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Philly social media influencer ‘Meatball’ charged with six felonies after digital cat-and-mouse game with police during looting

Police allege Dayjia Blackwell went to seven locations where property destruction and burglary took place as part of looting across Philly Tuesday night that was partly organized on social media.

Scenes of vandalism and unrest Tuesday night shared by a social media influencer from North Philly known as “Meatball” on their Instagram account.
Scenes of vandalism and unrest Tuesday night shared by a social media influencer from North Philly known as “Meatball” on their Instagram account.Read moreInstagram / @dayjiamainpage

The vandalism and theft that spread across Philadelphia on Tuesday night were at least partially organized on social media, according to police, and some of it was also broadcast live on Instagram and TikTok by a 21-year-old social media influencer from North Philly known as “Meatball.”

“What we doing tonight behind this injustice tap in?” Dayjia Blackwell wrote to her roughly 185,000 Instagram followers, referring to a judge’s decision earlier in the day to drop all charges against former Philadelphia Police Officer Mark Dial, who was arrested in the fatal shooting last month of Eddie Irizarry, 27, during a traffic stop.

Interim Police Commissioner John Stanford has described the thieves as “opportunists” who piggybacked on the anger and grief surrounding the Irizarry case.

After a peaceful downtown protest disbanded about 7:30 p.m., Blackwell, who also has 466,000 followers and 13.4 million views on TikTok, was already in Center City surrounded by a group of other young people that seemed to grow by the minute.

“What store we going at first, y’all?” she said to the camera.

Someone replied: “Apple Store.”

Vandals later hit the Apple Store location on Walnut Street — along with a nearby Foot Locker and Lululemon. In the ensuing hours, more thieves on foot or in cars would descend upon the Roosevelt Mall in Northeast Philadelphia, stores along Aramingo Avenue, and elsewhere. The Pennsylvania Liquor Control Board temporarily shuttered retail locations in Philadelphia after 18 state-run liquor stores across the city were broken into overnight.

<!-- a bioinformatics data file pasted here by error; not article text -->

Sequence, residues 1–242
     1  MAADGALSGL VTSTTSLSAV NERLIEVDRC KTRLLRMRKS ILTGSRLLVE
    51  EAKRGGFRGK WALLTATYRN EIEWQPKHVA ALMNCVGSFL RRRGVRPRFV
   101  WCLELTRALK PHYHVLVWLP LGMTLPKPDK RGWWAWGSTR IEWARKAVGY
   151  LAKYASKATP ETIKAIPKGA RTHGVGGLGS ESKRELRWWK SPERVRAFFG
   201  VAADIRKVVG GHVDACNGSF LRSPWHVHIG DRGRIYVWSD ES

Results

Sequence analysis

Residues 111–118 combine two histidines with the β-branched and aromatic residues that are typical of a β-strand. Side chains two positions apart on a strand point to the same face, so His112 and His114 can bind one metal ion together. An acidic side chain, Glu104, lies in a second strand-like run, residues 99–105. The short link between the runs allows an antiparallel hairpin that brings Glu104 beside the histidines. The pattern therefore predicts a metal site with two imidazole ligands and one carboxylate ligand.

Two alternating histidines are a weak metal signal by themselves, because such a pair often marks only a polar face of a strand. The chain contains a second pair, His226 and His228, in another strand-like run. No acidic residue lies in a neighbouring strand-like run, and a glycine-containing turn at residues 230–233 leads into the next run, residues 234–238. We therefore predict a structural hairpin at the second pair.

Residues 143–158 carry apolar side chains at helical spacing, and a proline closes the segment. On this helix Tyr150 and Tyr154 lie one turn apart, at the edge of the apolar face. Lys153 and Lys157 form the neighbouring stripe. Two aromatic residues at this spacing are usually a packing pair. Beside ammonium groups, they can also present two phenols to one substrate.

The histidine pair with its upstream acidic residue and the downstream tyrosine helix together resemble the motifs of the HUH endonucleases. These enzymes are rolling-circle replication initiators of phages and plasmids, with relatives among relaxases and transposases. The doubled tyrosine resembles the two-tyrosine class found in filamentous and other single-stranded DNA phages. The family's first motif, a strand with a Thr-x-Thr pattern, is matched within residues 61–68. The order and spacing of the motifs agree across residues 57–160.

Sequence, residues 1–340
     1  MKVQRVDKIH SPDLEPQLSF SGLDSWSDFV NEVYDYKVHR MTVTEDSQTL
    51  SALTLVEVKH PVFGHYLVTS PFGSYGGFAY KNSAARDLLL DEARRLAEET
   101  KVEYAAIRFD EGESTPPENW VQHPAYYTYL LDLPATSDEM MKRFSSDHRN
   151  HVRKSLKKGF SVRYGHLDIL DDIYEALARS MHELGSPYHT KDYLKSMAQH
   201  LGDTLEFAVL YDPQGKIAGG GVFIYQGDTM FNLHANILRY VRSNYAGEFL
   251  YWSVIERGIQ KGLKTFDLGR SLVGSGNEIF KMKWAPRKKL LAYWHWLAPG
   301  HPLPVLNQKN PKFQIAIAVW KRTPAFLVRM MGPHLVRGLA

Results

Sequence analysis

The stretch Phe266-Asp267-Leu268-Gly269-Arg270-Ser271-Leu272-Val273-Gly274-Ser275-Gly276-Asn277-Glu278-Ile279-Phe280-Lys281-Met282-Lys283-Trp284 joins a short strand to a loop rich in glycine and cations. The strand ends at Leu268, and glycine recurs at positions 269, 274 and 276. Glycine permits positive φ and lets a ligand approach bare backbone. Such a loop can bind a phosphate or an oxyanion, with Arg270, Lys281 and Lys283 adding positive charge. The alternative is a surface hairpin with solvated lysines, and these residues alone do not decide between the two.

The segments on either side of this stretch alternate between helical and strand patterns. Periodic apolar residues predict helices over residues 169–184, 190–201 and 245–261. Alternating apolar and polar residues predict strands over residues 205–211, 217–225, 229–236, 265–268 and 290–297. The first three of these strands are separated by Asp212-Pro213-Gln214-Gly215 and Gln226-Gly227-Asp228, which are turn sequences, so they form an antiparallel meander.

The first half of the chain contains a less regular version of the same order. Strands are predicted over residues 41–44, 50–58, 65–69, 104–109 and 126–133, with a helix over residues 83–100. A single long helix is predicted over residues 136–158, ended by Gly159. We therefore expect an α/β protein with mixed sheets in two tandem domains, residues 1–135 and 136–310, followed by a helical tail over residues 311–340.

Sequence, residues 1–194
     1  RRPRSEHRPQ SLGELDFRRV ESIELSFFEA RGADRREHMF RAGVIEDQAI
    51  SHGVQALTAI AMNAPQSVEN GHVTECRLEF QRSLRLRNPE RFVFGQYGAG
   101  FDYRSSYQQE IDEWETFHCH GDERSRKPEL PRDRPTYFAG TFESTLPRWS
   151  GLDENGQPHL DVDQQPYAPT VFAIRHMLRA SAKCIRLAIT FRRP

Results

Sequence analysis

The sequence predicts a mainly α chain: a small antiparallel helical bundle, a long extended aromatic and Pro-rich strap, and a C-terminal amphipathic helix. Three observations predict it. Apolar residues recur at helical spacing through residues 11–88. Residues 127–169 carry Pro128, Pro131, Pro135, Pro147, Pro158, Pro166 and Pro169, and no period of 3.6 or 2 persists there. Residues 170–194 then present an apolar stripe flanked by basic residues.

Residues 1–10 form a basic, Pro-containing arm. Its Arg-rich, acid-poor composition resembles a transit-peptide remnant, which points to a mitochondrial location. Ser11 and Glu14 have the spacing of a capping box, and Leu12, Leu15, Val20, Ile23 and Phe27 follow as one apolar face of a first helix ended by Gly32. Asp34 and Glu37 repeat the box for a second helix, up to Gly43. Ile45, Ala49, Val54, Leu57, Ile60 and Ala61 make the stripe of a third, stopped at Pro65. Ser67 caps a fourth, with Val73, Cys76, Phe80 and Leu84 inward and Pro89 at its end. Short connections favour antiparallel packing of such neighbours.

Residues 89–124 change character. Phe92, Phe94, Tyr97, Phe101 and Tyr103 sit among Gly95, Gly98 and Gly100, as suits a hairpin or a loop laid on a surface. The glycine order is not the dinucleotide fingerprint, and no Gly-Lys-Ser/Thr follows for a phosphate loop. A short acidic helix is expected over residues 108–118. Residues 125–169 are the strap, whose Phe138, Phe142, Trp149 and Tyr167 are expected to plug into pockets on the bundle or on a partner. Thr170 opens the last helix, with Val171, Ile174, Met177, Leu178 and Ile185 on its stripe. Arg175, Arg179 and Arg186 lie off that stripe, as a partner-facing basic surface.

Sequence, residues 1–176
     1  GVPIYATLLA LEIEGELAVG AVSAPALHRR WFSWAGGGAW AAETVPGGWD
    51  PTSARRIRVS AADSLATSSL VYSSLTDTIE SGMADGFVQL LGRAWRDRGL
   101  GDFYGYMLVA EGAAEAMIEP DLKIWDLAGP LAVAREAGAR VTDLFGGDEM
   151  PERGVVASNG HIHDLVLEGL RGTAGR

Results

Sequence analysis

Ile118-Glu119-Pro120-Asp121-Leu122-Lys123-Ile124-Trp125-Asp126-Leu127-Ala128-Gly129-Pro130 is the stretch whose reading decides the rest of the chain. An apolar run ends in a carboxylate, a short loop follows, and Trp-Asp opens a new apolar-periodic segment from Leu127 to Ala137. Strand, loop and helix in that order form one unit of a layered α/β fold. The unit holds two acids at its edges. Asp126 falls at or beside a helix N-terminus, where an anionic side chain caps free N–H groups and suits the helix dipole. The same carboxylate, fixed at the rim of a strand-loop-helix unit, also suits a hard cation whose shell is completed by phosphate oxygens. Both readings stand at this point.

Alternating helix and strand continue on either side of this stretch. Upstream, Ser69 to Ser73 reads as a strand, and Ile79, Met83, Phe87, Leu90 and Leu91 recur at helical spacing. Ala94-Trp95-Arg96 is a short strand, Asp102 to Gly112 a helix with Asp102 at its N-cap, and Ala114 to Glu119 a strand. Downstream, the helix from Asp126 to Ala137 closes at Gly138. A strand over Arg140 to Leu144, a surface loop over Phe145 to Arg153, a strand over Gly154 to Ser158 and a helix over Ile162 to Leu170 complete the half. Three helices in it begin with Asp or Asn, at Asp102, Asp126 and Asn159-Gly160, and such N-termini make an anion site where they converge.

Stanford said officers were already downtown due to the Irizarry protest, so they were able to quickly respond to the initial looting reports in the Rittenhouse Square area. But cops were also monitoring social media to respond to the reports citywide, in what has become something of a familiar cat-and-mouse game around the country.

“We were able to link some things on social media,” Stanford said at a news conference held late Tuesday night. “We had a group that was making their way through the city. Quite naturally, you have followers who are going to see this and start to come out, and think they have an opportunity to get something.”

But while videos of posh stores being broken into went viral and attracted international news coverage, this pattern is not exactly new.

In 2010 and 2011, several similar episodes downtown — described by the media at the time as “flash mobs” — saw downtown department stores similarly swarmed by crowds of upward of 100 teens. Police later traced the origins of one such act back to private messages on the social networking service MySpace.

In a 2011 Department of Justice report on the rise of social media-related crime across the United States, then-Philadelphia Police Commissioner Charles Ramsey stated that the department had been caught off-guard by these episodes, some of which were organized days in advance, because authorities were “not routinely viewing social media sites.”